January 3, 2007
Contact: Mark Rosenthal, <>
Drop in Family Violence Unrelated to VAWA, Govt. Report Shows
WASHINGTON, Jan. 3 / U.S. Newswire / – A recent Department of Justice report on Intimate Partner Violence shows that such crime has been falling in the United States for many years, but the Violence Against Women Act (VAWA) does not appear to have contributed to the drop.
According to the DoJ report, Intimate Partner Violence in the United States, partner crime began to fall long before VAWA programs were started in 1995.
In 1976, 1,348 men were killed by their wives and girlfriends. By 1994, that number had fallen to 684. Likewise, the number of women killed by intimate partners dropped 12% over the same time period.
Even for non-fatal intimate partner victimization, the Department of Justice report shows that rates began to fall before the Violence Against Women Act was enacted. From 1993 to 2004, intimate partner abuse of women fell 61%. But abuse rates of women fell across the board: 59% when the abuse was perpetrated by a stranger, and 66% when by a friend or acquaintance.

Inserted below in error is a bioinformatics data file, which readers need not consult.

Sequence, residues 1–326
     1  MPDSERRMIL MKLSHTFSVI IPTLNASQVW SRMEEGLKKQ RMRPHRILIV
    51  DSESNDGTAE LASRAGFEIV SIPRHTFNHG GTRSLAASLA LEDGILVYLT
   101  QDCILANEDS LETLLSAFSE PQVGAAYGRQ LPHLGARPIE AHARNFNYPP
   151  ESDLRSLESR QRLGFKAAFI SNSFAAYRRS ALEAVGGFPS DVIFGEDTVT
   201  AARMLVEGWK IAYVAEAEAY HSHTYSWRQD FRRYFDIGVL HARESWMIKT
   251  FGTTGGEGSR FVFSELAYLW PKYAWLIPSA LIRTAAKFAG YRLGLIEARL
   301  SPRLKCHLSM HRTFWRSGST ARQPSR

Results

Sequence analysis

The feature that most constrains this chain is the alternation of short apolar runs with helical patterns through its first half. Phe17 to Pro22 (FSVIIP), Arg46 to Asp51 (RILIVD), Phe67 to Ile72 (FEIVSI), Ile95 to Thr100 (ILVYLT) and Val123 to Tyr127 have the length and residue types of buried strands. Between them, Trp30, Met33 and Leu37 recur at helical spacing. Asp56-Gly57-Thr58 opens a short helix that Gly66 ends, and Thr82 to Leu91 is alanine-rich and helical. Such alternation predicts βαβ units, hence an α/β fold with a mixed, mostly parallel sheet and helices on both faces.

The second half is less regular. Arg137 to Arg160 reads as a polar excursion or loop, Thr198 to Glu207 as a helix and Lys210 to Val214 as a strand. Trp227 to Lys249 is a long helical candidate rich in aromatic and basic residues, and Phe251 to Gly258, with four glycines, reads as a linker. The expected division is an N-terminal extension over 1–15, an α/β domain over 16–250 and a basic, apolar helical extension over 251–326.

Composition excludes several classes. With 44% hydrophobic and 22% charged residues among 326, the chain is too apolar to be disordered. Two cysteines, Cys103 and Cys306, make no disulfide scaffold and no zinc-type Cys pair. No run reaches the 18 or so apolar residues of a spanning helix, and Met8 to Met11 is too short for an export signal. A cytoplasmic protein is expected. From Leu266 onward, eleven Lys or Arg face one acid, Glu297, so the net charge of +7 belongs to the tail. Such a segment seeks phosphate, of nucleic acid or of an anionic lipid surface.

"There's still no generally accepted consensus about why any crime in general has dropped," explains Shannan Catalano, the DoJ statistician who authored the report. Possible reasons for the decline include increased policing, neighborhood-watch programs, and an overall aging of the general population.
The Justice Department report is based on data from the National Crime Victimization Survey, which is believed to underreport partner abuse, especially victimization of men. The Department of Justice report can be seen at
One reason for VAWA's lack of impact, researchers say, is its limited focus. "For years, researchers have been saying that half of all domestic violence is instigated by women, but most VAWA-funded programs don't accept that," notes family violence researcher Donald Dutton, PhD, a professor at the University of British Columbia.
"Now we see the result of not providing anger management and counseling services to female batterers."
A 2005 report by the Independent Women's Forum, "Domestic Violence: An In-depth Analysis," concluded that many VAWA-funded law enforcement strategies have been found to be ineffective.
R.A.D.A.R. – Respecting Accuracy in Domestic Abuse Reporting – is a non-profit, non-partisan organization of men and women working to improve the effectiveness of our nation's approach to solving domestic violence. http://mediaradar.org.
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